A consortium of non-governmental organisations (NGOs) has made a fresh appeal to legislators to introduce an amendment to the Constitution (Amendment) Bill that sought to have 28 additional seats reserved for women.
In lobbying the members of Parliament (MPs), in particular members of the Legal Affairs Committee, Social Welfare and Women Caucus, ActionAid Malawi executive director Grace Malera said it had become clear that there was an information gap on the justification behind the Law Commission’s proposal.
She said: “MPs are crucial to increasing women participation in politics by passing enabling laws that would support inclusion of a quota for women in Parliament. With an amendment of Section 62 of the Constitution, the nation can be guaranteed a quota of 28 seats for women.”
Presenting a discussion paper on electoral reforms, governance expert Henry Chingaipe said quotas for women were not a new phenomenon in Malawi because in 1981 the President was given powers to appoint as many MPs as wished which saw an increase of membership by 38, of which 23 were women.
He said: “Appointment of women into Parliament continued in two subsequent elections in 1987 and 1992 but it was abandoned in 1994. The recommendation of the Law Commission does not take Malawi into uncharted waters.”
Chingaipe added that introducing a quota was a clear recognition that women do not start out with the same advantages as their male colleagues and legal and policy frameworks have not made it possible to increase women participation in politics.
Most of the MPs who attended the briefing felt enlightened by the presentations admitting that they did not have information.
“At the stage that we are now, there is need to introduce an amendment so that the recommendation of the Law Commission be inserted in the Bill, leaving it out will do an injustice to the women of Malawi,” Legal Affairs Committee chairperson Maxwell Thyolera said.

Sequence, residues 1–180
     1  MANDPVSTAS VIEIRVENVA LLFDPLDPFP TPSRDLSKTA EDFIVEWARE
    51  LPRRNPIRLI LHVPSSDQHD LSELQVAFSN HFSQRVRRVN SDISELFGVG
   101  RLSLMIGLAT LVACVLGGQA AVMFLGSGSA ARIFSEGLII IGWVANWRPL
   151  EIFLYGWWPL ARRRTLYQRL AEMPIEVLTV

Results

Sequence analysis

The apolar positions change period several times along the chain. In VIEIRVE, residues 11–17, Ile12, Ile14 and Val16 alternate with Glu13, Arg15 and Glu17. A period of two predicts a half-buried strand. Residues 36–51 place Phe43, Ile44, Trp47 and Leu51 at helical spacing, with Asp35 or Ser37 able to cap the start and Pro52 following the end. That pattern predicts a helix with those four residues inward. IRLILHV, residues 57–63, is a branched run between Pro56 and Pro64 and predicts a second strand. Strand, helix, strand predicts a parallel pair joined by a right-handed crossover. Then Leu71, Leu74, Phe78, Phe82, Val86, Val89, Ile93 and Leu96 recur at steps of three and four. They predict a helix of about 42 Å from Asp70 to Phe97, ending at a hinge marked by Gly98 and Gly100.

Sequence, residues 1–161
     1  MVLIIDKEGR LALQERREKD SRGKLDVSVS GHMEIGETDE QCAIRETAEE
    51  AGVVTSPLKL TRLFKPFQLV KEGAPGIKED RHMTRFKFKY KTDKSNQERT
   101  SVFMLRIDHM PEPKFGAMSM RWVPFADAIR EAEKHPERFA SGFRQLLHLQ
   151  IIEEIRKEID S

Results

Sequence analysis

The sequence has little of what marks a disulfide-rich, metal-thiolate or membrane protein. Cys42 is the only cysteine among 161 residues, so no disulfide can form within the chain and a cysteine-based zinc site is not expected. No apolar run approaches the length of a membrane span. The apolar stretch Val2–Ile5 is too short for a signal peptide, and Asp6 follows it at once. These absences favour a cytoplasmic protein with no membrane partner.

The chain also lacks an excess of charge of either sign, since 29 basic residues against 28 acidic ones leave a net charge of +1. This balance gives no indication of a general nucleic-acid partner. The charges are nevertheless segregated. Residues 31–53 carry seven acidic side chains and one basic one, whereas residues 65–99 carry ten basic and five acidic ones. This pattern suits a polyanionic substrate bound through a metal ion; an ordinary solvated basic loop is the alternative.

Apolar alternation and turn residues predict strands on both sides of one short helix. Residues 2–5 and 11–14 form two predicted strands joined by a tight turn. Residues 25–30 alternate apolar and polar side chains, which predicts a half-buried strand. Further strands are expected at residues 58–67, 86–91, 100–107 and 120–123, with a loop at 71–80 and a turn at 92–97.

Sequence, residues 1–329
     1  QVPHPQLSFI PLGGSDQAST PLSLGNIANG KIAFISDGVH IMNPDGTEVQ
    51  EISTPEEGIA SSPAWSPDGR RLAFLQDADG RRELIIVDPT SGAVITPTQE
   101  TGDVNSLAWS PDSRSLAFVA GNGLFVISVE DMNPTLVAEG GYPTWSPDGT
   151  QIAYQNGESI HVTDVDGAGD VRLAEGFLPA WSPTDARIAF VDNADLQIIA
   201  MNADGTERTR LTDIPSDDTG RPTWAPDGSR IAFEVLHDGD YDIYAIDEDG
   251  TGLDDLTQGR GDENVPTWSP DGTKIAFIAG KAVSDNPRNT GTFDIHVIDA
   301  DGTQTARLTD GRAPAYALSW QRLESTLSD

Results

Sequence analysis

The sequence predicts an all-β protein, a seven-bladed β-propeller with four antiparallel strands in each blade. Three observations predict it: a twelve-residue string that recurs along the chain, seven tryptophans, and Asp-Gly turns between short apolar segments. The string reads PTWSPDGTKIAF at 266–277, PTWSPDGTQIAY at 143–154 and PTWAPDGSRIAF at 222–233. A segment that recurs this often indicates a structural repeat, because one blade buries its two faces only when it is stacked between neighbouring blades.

The Special Law Commission had proposed that Section 62(1) be amended that composition of the National Assembly include a district constituency where only women candidates would contest to make a legal provision for increased participation of women in elected office and governance.
But in the Constitution (Amendment) Bill number 2 currently before the House, this provision was removed.
NGO-Gender Coordination Network (GCN) chairperson Emma Kaliya assured the MPs that once in place, the women district MPs would not head districts or be bosses of the constituency MPs as they had feared.
But in justifying the removal of the proposal for 28 district seats, Minister of Justice and Constitutional Affairs Samuel Tembenu said the proposal had the potential to disadvantage women candidates in other constituencies.
In 2014, the number of women MPs went down from 41 the previous election to 32 but the largest increase occurred in the 2009 election when the number increased from 27 to 41.